By Frank Wessling
When primitive men and women first felt a strong mutual attraction that raised a desire to live together and seek a communion of life, we can doubt that they were thinking much beyond the ecstatic, transcendent experience of love itself.
The mind, especially the young mind, tends to concentrate on that relationship as if everything depends on it and nothing apart from it really matters.
Some things don’t change. We still go through that portal to full human experience, many of us more than once. We even have a day on the calendar, Feb. 14, for celebrating the feeling.
This is probably being read a few days early, but Happy Valentine’s Day!
Now let’s allow the mind to work so that what we do with the feeling is worthy of human beings.
The impact of love is so great because it breaks us out of self-isolation. It pushes our skin aside, in a sense, so that another — an “other” — can be with us and we with her or him in the fullest possible way that we call intimacy. No wonder it tends to produce the new life of children.
When we get serious and marry that exciting “other,” we discover that we’ve started on a road into mystery, and the mystery is pregnant with surprise. Not all of the surprise is welcome. Some of it feels like suffering, raising thoughts of abandonment. We discover things about the “other” and about ourselves that don’t easily fit together. As Jesus warned Peter in the Gospel, the time comes when we are taken where we would rather not go.
Little by little in the life of love we confront this dying experience as two my-selfs are sanded and ground and molded into an ever-expanding and ever more open our-self — two in one flesh, as St. Paul expresses it. If the project is succeeding, its continuing openness to new life is a model of the ultimate relationship with God.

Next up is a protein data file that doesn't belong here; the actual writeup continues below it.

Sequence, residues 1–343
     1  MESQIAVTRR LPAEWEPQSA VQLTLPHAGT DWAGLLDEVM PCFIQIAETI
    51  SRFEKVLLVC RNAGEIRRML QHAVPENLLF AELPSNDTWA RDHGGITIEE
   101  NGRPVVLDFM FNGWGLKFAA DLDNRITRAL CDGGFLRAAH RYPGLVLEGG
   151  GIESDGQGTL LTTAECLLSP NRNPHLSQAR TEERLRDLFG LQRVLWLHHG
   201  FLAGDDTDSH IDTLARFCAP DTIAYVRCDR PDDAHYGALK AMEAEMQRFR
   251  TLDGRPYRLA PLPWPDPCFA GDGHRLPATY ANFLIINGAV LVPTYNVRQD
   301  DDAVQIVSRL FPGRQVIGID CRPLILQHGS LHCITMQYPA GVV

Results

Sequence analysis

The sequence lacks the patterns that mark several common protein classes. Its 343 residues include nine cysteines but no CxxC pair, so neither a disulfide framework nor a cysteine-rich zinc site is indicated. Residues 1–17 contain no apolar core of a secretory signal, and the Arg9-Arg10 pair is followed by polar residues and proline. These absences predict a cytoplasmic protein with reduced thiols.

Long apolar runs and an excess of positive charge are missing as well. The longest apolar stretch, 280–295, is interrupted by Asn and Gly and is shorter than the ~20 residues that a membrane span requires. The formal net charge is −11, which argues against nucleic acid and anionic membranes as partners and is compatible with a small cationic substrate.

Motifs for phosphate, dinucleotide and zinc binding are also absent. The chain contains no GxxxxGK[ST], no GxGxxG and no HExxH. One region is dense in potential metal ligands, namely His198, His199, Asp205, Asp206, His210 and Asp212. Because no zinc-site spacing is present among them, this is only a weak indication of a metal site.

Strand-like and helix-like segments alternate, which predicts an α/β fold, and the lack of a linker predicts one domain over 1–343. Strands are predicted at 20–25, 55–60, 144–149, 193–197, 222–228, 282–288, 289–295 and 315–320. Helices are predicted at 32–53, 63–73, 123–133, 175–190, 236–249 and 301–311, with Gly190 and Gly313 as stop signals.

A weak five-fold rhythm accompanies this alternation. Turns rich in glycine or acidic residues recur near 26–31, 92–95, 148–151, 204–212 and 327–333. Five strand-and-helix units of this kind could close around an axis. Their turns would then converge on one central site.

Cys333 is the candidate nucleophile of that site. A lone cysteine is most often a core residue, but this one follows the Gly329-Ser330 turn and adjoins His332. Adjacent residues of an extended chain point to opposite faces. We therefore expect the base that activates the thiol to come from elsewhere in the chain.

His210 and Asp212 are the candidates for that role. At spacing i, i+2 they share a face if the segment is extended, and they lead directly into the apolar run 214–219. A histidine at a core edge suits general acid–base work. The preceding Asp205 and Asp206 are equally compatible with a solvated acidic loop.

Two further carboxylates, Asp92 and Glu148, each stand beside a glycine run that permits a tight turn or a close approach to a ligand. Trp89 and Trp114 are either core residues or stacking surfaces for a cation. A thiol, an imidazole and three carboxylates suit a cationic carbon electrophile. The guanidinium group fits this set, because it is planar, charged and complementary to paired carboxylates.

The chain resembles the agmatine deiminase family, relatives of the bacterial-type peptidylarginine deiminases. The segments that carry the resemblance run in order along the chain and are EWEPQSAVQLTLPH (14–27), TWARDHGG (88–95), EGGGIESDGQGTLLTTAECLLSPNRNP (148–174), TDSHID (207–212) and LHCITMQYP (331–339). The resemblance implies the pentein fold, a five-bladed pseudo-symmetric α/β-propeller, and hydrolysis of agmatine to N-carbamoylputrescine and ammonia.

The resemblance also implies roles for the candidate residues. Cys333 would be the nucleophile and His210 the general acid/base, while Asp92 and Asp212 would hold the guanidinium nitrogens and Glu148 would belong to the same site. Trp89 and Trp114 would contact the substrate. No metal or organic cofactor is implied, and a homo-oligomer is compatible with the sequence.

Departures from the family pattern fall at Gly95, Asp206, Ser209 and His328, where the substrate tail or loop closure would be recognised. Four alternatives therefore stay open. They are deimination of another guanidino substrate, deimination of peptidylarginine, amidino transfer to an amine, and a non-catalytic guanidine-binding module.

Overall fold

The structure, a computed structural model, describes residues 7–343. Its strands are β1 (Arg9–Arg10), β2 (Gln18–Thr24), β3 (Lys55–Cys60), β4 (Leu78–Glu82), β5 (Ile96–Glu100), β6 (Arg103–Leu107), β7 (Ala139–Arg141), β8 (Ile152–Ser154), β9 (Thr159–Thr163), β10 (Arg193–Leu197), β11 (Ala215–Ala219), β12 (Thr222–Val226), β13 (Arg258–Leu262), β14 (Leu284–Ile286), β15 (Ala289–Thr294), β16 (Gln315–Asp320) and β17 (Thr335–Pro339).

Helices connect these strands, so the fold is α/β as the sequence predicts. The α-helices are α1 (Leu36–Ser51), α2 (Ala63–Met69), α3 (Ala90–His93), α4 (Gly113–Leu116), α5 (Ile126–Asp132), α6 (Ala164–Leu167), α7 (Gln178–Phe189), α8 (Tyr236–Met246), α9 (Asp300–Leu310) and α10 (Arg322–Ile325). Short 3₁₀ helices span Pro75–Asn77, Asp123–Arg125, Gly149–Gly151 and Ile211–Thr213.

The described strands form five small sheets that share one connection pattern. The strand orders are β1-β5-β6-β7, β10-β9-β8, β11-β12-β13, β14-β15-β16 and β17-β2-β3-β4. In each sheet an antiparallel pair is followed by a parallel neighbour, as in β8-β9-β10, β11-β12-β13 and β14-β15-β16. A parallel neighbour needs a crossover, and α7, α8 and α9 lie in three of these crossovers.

That is why at least one respected Catholic theologian sees marriage as the primary sacrament, the one that most speaks to us through experience of what we call the paschal mystery of Christ, his dying and rising to glory.
If love begins with a razor sharp focus on the one “other,” its fulfillment emerges as we let ourselves take in the fullness of what is other. In the Catholic marriage ritual we “take” each other. That is the promise of love that endures, love worthy of human beings. We become open, ready, receptive to a future we will not control. We pledge to serve it with the creative energy that makes us human.
That creative energy is love grown up, love tried by fire and stronger than any steel. The taking of marriage is the opposite of a selfish taking, which is why it isn’t an undertaking fit for children. At every wedding it is the fervent hope and prayer of many among the witnesses that these two people are close enough to maturity to carry out what they are attempting.
We say that a wedding in the Church between two baptized persons is a sacrament, a sign of grace, the presence of God. That is true, but sacraments are not magic. The two people who bring the sacrament to each other have to be capable of what they promise, and one doesn’t build a union of enduring growth in love, a rhythm of dying and rising that symbolizes the love of God, on Valentine sentiment alone.
That’s why Pope Benedict was so emphatic last month when he said that a wedding in the Church is not a right available to everyone. There is a readiness involved.
Every married couple knows that no one is ever completely prepared for the reality of the life. But there are ways to exercise in preparation for the kind of exercise it will require. For Christians nothing is better than attention to the life of Christ and worship with the community that follows Christ. If the pattern of married life is the pattern of Christ, who gives his life for others, then to know and follow him is the best marriage preparation program.
It makes the celebration of love last infinitely beyond Valentine’s Day.